My favorite – "campaign finance reports revealed that Coca-Cola had secretly contributed…" How is something a secret if it is on a publicly available report? Just because Coke didn't personally contact every anti-GMO, anti-science moron in the world, doesn't make it a secret. The stupid – it burns!!!!

  5. says

    Jason Urial Widespread would imply that obesity is remaining stagnant but spanning far across the country not gaining or losing any ground. In metaphorical reference towards the Noun, it's implying that it's getting worse at a rate similar to a sickness.

  6. says

    Jason Urial Widespread would imply that obesity is remaining stagnant but spanning far across the country not gaining or losing any ground. In metaphorical reference towards the Noun, it's implying that it's getting worse at a rate similar to a sickness.

  7. says

    Jason Urial Widespread would imply that obesity is remaining stagnant but spanning far across the country not gaining or losing any ground. In metaphorical reference towards the Noun, it's implying that it's getting worse at a rate similar to a sickness.

  8. says

    Stephen Zerest Mclaughlin Yet is isn't. BMI is a terrible thing to attempt to indicate what health is.

    Many reasons why this is so: #1) Obesity is ill defined because it comes from a scale not meant to dictate, nor be an indicator of, health. 2) A person who is 5'6" a weighed in at 200 lbs with 3% body fat is obese according to that scale, and she might be in perfect health. 3) A person who is 5'7" and weighs 100lbs would be called underweight, and unhealthy even though he's a marathon runner with a very high metabolism, and everything else is fine. 4) Yet another person stands at 6'0 and weighing in at 178 lbs with 10% body fat would be called healthy even though his bp is 200/89.

  9. says

    Stephen Zerest Mclaughlin Yet is isn't. BMI is a terrible thing to attempt to indicate what health is.

    Many reasons why this is so: #1) Obesity is ill defined because it comes from a scale not meant to dictate, nor be an indicator of, health. 2) A person who is 5'6" a weighed in at 200 lbs with 3% body fat is obese according to that scale, and she might be in perfect health. 3) A person who is 5'7" and weighs 100lbs would be called underweight, and unhealthy even though he's a marathon runner with a very high metabolism, and everything else is fine. 4) Yet another person stands at 6'0 and weighing in at 178 lbs with 10% body fat would be called healthy even though his bp is 200/89.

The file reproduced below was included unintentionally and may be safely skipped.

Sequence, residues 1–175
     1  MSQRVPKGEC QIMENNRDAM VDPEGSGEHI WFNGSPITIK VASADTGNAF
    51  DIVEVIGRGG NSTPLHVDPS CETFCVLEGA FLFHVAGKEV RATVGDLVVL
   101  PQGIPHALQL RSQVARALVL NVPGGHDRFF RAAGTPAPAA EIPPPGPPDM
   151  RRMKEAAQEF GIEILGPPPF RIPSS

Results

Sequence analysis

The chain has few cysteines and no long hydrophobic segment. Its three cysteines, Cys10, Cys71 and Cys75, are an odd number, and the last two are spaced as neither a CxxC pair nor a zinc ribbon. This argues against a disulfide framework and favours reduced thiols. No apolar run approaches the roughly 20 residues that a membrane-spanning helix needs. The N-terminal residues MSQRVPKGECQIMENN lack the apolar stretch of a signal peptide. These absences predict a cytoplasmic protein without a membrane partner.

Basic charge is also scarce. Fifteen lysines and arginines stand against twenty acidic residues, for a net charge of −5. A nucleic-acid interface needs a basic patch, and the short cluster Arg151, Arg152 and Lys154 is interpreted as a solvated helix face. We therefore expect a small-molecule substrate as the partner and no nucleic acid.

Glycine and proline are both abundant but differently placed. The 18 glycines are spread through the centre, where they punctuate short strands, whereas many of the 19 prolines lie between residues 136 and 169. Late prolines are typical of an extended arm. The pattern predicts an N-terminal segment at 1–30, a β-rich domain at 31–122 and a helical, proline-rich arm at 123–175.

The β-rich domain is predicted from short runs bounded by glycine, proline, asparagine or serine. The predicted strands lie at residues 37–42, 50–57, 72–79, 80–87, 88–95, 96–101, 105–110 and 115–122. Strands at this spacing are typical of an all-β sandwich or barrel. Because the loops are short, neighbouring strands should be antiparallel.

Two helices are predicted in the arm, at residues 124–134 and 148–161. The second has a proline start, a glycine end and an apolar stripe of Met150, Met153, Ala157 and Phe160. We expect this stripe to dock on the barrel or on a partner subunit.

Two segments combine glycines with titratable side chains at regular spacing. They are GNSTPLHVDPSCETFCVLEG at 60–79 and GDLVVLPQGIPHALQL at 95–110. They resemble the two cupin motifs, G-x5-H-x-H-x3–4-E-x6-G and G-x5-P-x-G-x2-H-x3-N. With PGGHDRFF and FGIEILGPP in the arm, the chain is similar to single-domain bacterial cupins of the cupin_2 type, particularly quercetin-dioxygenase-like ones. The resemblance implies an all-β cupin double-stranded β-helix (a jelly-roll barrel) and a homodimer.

10. says

    Stephen Zerest Mclaughlin Yet is isn't. BMI is a terrible thing to attempt to indicate what health is.

    Many reasons why this is so: #1) Obesity is ill defined because it comes from a scale not meant to dictate, nor be an indicator of, health. 2) A person who is 5'6" a weighed in at 200 lbs with 3% body fat is obese according to that scale, and she might be in perfect health. 3) A person who is 5'7" and weighs 100lbs would be called underweight, and unhealthy even though he's a marathon runner with a very high metabolism, and everything else is fine. 4) Yet another person stands at 6'0 and weighing in at 178 lbs with 10% body fat would be called healthy even though his bp is 200/89.

  11. says

    Jason Urial That's why I said implying. I wasn't refuting whether or not that accusation is accurate, just within context. It would have been more effective to disclose that instead rather than attempt to battle the author's choice of wording.

  12. Michael Tillman says

    "International scientific consensus"…? Might want to do a little research. A large percentage of the "international" community rejects GMOs, either by law, by desire, or both. So, hardly "an opinion shared by all" or "arrived at by most of those concerned". Nor can "science" and "consensus" be used logically in the same context. It is either systematic knowledge or it is not. These days, in your context anyway, "science" is definitively and demonstrably not. Your "science" is the new catch word for "agenda" or "lie" (same thing in this case). And, if "consensus", you should not be able to find a plethora of dissension, but you do. And rightfully so. If you are of goodwill, and you open your eyes…

  13. says

    Michael Tillman Every single major scientific organization in the world has stated that GMOs are safe, as 25 years of research has shown. The consensus on their safety is just as strong, if not stronger (since this would be direct science rather than trend prediction science) than the scientific consensus regarding the danger of anthropogenic climate change.

  14. Michael Tillman says

    Sterling Ericsson This is simply not true, sir. Nor does the relevant research (that done by parties not prone to direct benefit) support. the claim. I could point to more than ample evidence of the contrary. At some point, one must distance himself from only mainstream sources. They are inherently corrupt. But I respectfully appreciate your "clean" response. Rare.